Billionaire Lucio Tan’s Philippine Airlines Exits Bankruptcy, Poised To Recover From Pandemic Losses

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Philippine Airlines– controlled by billionaire Lucio Tan – has fallen out of bankruptcy proceedings after a US court approved its restructuring plan to reduce debt by more than $2 billion, preventing the flag carrier from damage induced by the pandemic. Got a place to recover.

PAL, which has been making losses over the past five years, has said it expects to return to the black next year with the implementation of the restructuring plan and gradual easing of travel restrictions.

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PAL said in a statement that the airline completed its financial restructuring – which was backed by creditors as well as suppliers including Airbus – within four months after the airline filed for bankruptcy protection in New York in September. Said in one Statement on Friday. In addition to debt reduction, the company also raised $505 million in fresh equity and debt from Tan.

PAL Holdings is proposing to increase its authorized capital from 13.5 billion pesos to 30 billion pesos ($324 million) to facilitate fresh equity injections from TAN, PAL’s parent company said in a separate regulatory filing on Friday. PAL also has the option to tap $150 million in additional financing from new investors.

In addition to the airline’s recapitalization, the carrier has also streamlined its operations by cutting its fleet size by up to 25% as part of the company’s restructuring. PAL aims to further strengthen its position by reinvesting in its operations as the Philippines’ only full-service carrier with the largest international network serving four continents.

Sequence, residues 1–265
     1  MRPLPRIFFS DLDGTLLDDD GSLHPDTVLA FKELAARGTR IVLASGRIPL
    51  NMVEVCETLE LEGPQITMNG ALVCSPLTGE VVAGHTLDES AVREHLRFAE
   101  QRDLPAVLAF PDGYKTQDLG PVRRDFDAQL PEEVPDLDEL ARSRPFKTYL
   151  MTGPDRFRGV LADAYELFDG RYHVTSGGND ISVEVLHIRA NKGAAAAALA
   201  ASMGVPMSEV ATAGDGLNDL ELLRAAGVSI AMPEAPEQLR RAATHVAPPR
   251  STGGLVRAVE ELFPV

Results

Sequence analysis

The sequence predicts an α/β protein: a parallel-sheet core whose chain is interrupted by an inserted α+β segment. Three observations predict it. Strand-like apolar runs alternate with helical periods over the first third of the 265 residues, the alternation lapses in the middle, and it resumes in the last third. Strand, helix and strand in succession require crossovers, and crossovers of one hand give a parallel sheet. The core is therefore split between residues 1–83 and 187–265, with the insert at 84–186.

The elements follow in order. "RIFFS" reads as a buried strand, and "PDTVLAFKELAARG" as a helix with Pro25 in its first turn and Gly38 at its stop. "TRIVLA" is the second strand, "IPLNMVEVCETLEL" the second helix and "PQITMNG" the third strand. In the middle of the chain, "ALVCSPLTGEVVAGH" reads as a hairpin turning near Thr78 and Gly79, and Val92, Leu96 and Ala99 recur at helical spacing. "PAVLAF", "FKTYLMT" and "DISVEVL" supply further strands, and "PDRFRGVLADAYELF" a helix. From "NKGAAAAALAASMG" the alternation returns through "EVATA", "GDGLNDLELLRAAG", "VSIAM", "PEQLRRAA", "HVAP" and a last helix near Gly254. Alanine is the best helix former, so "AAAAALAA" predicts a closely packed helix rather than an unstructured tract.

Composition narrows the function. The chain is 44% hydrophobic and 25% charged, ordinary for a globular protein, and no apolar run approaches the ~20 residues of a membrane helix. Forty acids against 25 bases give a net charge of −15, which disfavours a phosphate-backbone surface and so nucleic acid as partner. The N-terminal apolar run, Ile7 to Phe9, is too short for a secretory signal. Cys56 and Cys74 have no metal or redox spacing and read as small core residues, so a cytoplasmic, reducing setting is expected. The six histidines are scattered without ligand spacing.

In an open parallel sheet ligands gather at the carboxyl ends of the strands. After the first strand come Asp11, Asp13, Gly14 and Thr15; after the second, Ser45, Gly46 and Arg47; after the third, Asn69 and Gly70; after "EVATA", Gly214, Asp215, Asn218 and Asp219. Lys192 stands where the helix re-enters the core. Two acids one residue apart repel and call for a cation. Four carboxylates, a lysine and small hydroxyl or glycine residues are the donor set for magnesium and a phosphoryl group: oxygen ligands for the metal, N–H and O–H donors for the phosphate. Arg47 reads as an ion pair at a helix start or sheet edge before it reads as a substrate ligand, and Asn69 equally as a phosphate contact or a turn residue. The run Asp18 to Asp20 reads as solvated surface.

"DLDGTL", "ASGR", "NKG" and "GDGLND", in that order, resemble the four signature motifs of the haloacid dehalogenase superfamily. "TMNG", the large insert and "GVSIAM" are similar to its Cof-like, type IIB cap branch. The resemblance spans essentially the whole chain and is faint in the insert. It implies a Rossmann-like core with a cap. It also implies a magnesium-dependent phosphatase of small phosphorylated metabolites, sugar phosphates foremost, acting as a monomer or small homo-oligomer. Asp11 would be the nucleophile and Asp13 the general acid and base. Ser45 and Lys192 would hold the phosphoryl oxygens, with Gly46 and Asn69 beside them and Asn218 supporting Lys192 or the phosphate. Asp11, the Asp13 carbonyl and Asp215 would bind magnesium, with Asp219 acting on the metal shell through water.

Gilbert F. Santa Maria, President and Chief Operating Officer of PAL, said in a statement, “There are enormous challenges ahead, but we look forward to tackling them as a strong Philippine Airlines, making strategic developments to continue serving our customers. is in a better position.” Statement,

Airlines were hit hardest by the pandemic over the past two years as governments around the world imposed lockdowns and restricted cross-border travel to stem the spread of COVID-19. International Air Transport Association It is estimated that airlines around the world will lose around $52 billion this year after a loss of about $138 billion last year.

Tan – who emerged as a controlling shareholder of PAL in 1995, when he was appointed chairman – acquired control of PAL in 2014 after San Miguel Corp purchased a controlling interest in the airline. With a net worth of $1.9 billion, Tan was ranked 12th in a list of the 50 richest people in the Philippines published in September. His business empire extended to tobacco, spirits, banking and property.

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